Parish Registers

Parish registers are the official church records of baptisms, marriages & burials. On the 5th of September 1538, Thomas Cromwell, chief minister of Henry VIII, declared that parish registers must be kept in England and Wales. He ordered every parson, vicar or curate to record each baptism, marriage and burial that took place in their church. In Scotland, parish registers were not kept until circa 1660.

What’s in a parish register

Early registers

The information recorded would be very minimal, for example often as little as: Married 2 June 1605 Francis Waters and Mary Duke. However some clergy were even lazier, so you may not even get a date, and sometimes they didn’t even bother to record the marriage at all. These early records would usually be written in Latin, even as recently as 1733.

From 1754

The abode of the bride and groom should be added e.g. Married 5 April 1683 James Blagg yeoman of Canterbury and Lucy Field widow of this parish.

From 1837

Both partners age and occupation should be recorded, as well as the names and occupations of their fathers.

Surviving parish registers


Queen Elizabeth I of England
Blame Queen Elizabeth if you can’t find a record of your ancestors!

Noted archivist F.G. Emmison suggests in his book Archives and Local History that there are likely fewer than two hundred original registers surviving from this date. This is because the registers were originally kept on paper, sometimes just as loose sheets, and were often lost or damaged. In 1598 Queen Elizabeth ordered these registers to be copied into parchment books, giving clergy the option of either starting from their beginning in 1538, or from the first year of her reign, which was 1558. Of course most transcribers chose the easiest route, and copied the registers over starting in 1558, meaning the end for a large chunk of 20 years worth of marriage records. Of these 1598 transcriptions, there are thought to be between 650 and 1250 still in existence from the 11000 or so parishes that were in England at this time.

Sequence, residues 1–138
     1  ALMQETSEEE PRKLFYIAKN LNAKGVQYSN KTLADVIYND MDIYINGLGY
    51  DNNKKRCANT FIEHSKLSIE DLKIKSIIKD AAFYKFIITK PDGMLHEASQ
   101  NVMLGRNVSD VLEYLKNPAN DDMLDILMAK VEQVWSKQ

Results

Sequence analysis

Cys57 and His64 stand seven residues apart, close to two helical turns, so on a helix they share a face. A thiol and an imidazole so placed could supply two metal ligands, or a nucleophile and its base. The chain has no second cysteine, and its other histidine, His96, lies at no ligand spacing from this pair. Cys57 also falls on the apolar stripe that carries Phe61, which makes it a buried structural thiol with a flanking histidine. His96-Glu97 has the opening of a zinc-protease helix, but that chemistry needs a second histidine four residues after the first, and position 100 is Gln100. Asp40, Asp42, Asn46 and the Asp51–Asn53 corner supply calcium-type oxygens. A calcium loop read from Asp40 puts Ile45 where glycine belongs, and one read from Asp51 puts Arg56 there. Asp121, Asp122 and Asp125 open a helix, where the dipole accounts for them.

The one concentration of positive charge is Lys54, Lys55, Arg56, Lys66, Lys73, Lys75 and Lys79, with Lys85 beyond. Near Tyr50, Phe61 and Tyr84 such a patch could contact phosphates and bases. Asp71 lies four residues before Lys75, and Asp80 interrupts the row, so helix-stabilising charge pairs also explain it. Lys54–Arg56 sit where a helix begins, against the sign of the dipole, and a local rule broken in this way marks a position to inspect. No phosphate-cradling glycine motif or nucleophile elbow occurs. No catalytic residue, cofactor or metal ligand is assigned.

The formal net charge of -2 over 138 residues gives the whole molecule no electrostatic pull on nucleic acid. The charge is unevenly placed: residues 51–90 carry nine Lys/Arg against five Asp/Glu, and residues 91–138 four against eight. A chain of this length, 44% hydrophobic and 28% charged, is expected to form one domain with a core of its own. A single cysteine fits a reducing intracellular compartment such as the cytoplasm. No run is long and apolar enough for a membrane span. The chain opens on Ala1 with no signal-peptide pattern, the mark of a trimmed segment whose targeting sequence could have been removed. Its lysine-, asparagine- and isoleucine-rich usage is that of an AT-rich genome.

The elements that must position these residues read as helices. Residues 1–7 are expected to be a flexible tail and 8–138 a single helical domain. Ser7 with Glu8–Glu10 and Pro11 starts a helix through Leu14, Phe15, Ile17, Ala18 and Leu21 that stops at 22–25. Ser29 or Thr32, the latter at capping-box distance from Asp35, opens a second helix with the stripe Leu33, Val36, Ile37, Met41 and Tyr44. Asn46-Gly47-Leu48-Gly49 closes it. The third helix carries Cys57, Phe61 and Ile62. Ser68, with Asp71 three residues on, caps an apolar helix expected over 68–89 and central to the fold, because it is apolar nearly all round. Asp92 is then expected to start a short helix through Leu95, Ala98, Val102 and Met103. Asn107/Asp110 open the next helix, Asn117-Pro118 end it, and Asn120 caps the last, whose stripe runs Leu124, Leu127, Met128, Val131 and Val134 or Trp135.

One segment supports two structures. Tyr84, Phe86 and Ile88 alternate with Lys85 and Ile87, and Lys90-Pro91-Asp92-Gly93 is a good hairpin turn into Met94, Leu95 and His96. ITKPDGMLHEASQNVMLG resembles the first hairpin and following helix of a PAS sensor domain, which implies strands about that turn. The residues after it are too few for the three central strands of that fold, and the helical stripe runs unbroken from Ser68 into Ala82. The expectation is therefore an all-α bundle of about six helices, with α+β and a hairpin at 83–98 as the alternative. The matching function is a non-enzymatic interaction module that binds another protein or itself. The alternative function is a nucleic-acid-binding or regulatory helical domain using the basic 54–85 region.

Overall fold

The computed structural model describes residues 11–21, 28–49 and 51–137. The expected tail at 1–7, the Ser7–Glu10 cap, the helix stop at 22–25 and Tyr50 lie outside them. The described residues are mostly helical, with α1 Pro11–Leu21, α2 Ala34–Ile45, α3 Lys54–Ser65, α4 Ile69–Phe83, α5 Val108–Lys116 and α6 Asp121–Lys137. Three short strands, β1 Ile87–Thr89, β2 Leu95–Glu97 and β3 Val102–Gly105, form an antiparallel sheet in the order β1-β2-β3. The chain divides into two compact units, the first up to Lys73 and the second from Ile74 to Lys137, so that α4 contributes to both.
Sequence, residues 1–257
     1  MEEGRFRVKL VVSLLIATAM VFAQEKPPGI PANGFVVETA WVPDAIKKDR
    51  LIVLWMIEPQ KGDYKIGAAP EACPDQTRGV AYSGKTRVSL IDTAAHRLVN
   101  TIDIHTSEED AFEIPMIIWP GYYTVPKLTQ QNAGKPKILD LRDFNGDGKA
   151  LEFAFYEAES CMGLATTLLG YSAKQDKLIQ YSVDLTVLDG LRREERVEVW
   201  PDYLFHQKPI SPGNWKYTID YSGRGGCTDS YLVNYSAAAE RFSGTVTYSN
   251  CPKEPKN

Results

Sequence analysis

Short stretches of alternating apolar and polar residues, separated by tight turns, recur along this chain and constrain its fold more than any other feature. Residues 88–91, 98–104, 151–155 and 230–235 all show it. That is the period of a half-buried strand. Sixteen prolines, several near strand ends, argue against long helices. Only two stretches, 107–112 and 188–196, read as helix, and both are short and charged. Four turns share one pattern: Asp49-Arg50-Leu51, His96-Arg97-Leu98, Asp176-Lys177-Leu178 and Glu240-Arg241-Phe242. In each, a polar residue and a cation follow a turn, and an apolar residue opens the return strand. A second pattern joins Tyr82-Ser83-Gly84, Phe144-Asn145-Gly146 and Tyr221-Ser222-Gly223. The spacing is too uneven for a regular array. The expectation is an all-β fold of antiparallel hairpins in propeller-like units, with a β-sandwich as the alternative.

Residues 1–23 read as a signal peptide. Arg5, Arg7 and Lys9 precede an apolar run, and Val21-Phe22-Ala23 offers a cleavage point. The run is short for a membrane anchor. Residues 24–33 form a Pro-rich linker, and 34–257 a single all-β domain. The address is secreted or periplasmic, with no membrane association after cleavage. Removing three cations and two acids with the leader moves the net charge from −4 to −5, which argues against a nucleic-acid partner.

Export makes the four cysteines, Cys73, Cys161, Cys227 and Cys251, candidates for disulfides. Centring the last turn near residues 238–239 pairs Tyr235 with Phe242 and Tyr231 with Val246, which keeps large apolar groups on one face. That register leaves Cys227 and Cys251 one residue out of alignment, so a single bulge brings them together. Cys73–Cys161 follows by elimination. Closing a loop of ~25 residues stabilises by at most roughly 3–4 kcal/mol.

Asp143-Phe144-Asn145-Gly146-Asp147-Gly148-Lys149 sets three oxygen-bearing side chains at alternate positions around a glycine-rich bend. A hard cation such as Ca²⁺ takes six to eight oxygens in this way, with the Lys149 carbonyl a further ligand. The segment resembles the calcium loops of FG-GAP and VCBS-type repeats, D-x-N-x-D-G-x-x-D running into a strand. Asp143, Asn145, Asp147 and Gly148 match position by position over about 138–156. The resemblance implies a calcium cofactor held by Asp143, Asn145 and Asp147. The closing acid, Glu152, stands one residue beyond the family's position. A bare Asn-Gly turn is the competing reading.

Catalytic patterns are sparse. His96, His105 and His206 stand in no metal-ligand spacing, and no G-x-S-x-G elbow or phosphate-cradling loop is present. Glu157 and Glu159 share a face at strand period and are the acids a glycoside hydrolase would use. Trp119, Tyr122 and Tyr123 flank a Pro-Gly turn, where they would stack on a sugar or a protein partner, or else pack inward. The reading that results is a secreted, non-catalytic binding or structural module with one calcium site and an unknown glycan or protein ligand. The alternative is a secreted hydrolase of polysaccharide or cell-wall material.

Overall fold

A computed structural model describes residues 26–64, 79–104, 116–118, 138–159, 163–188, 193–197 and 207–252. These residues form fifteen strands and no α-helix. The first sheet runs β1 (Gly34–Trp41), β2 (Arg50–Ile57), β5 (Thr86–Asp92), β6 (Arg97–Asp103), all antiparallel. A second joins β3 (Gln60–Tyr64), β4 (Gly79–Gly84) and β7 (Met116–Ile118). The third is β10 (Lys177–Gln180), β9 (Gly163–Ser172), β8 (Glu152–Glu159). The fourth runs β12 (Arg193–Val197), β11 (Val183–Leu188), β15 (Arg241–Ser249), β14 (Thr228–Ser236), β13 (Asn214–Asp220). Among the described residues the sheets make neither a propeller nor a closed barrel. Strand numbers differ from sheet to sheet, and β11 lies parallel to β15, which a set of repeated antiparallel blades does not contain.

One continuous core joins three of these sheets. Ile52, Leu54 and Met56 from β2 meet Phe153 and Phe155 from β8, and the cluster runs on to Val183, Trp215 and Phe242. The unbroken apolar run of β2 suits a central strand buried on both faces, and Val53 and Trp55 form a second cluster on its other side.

There are thought to be less than 2500 parish registers still existing from this period (from roughly 11000 parishes).


In 1598 Queen Elizabeth approved the aforementioned mandate that would make parish registers much better preserved. Registers were ordered to be stored in a parish chest locked with three keys, each key held by a different person, such as a minister or warden. It was also decided that transcripts of each register should be sent to the diocesan registry each year. Both measures mean there is a marked improvement in the availability of registers from this date on.


There are few complete parish registers from between 1641 and 1660, because of The English Civil War and the later Interregnum period. The turbulent times meant more records were destroyed, and fewer kept in the first place.

1660 onwards

Some parishes were slower than others to resume normal record keeping after The Civil War, so there may still be many gaps as late as the 1680s. Even well into the 1800s registers could disappear easily, perhaps at the whim of a vicar chucking them onto the fire in winter (there are records of this happening, probably more than once too), or in one case in 1824, an archdeacon borrowed a register and never returned it.

Parish chest in Boston, Lincolnshire
Many parish chests were elaborately carved, like this one in Boston, Lincolnshire

As late as the 20th century parish registers could still be found in a chest in a parish church. Unfortunately this wouldn’t always leave the records in good condition. As caring for our historical documents became more important, The 1978 Parochial Registers and Records Measure was passed, and stated that all church records over 100 years old must be stored at a local record office, unless the church had suitable facilities. Therefore most parish registers are now found in the county record office, although some still exist in universities and larger churches.

Where to find the parish registers

Throughout the centuries some parishes have changed counties, or become amalgamated with other parishes, meaning it’s not always obvious where those registers are now kept (should they even exist). If you’re not sure where to look, try one of these options:

  • Contact the county record office geographically closest to the parish in question. They are usually happy to help with such queries, and should be able to tell you whether they have the register for a particular period. If they don’t have anything, or aren’t sure then you can always try the next nearest record office.
  • There are many genealogy websites, all of which have parish registers for certain parishes and periods. You can browse some of them for free.
  • If you are particularly interested in the history of parishes, or are tracing several ancestors then you should consider buying The Phillimore Atlas and Index of Parish Registers*. It will tell you what registers are known to still exist, and also has county maps, parish maps, and topographical maps for the 1830s & earlier. It will save you countless hours trying to find out where registers relevant to your family are kept. The book has excellent customer reviews and is well worth the money.

Finally, don’t forget to read these tips to aid your marriage search. Good luck!

Parish Registers
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